May lower blood pressure; may lower effect of stimulant medication

l-tryptophan†

Gastrointestinal upset, possible eosinophilia-myalgia syndrome

S-adenosyl-l-methionine†

Gastrointestinal upset, mania in patients with bipolar disorder

Vitamin B complex

Yellow urine


*—This list includes important adverse effects but is not exhaustive.

†—Can potentiate serotonin syndrome when used in combination with antidepressants.

Referral and Prevention

For patients with GAD or PD, psychiatric referral may be indicated if there is poor response to treatment, atypical presentation, or concern for significant comorbid psychiatric illness. There is insufficient evidence to support a concise recommendation on the prevention of PD and GAD in adults.

Data Sources: We searched Essential Evidence Plus, PubMed, and Ovid Medline using the keywords generalized anxiety disorder, panic disorder, diagnosis, treatment, medication, epidemiology, etiology, pathophysiology, differential diagnosis, and complementary and alternative medicine. We searched professional and authoritative organizations on the topic of anxiety disorders, including the American Psychological Association, the National Institute of Mental Health, the National Institute for Health and Care Excellence, and the Cochrane Collaboration. Search dates: May to July 2014.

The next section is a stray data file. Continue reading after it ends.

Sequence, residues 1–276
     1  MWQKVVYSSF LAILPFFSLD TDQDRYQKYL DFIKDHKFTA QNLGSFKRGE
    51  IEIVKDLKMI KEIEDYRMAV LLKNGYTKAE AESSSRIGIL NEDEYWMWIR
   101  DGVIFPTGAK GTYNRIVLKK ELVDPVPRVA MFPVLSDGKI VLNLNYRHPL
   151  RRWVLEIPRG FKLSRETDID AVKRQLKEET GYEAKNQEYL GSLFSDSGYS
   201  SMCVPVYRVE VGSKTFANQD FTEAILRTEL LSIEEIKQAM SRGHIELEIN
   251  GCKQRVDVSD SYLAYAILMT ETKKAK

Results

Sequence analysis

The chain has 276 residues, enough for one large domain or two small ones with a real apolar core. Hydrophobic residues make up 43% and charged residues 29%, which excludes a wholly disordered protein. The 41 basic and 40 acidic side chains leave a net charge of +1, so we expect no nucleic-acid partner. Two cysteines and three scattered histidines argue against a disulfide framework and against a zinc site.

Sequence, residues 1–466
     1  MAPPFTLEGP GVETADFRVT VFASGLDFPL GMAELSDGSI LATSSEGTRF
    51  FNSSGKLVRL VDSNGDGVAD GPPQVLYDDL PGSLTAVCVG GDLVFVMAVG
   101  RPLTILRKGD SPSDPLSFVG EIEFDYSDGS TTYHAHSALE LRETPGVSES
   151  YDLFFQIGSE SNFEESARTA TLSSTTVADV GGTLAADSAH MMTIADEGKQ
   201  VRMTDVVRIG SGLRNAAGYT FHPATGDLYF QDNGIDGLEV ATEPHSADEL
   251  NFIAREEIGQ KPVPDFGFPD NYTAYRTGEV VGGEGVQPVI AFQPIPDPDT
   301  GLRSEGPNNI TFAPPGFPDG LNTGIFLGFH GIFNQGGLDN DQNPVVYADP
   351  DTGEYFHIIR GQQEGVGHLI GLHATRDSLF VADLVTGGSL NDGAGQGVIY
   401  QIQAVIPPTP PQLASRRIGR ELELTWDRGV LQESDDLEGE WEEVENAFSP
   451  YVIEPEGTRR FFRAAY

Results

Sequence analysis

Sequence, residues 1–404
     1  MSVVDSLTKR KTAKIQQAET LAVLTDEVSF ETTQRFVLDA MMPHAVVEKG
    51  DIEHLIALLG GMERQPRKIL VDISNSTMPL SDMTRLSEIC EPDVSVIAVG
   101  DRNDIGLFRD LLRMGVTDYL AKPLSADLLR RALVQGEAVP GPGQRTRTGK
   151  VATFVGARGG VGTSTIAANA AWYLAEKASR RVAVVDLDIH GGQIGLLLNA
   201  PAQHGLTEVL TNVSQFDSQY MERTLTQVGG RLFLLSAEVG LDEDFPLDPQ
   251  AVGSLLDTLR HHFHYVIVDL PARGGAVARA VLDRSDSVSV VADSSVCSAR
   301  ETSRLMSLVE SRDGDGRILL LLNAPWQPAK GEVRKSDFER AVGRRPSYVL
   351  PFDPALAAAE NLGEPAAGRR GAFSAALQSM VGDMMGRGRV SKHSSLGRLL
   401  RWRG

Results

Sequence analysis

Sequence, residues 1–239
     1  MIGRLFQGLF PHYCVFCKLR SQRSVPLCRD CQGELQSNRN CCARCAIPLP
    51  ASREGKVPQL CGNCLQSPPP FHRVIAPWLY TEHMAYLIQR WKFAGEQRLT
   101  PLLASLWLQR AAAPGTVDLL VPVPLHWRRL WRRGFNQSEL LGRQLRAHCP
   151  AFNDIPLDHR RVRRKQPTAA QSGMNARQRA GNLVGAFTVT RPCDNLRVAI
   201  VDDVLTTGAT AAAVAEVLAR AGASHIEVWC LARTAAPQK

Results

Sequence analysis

The Authors

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AMY B. LOCKE, MD, FAAFP, is director of the Integrative Medicine Fellowship and an assistant professor in the Department of Family Medicine at the University of Michigan Medical School in Ann Arbor....

NELL KIRST, MD, is assistant residency director of the Family Medicine Residency Program at the University of Michigan Medical School.

CAMERON G. SHULTZ, PhD, MSW, is director of scholarly projects in the Department of Family Medicine at the University of Michigan Medical School.

Address correspondence to Amy B. Locke, MD, University of Michigan Medical School, 1801 Briarwood Circle, Bldg. 10, Ann Arbor, MI 48109 (e-mail: alocke@med.umich.edu). Reprints are not available from the authors.

Author disclosure: No relevant financial affiliations.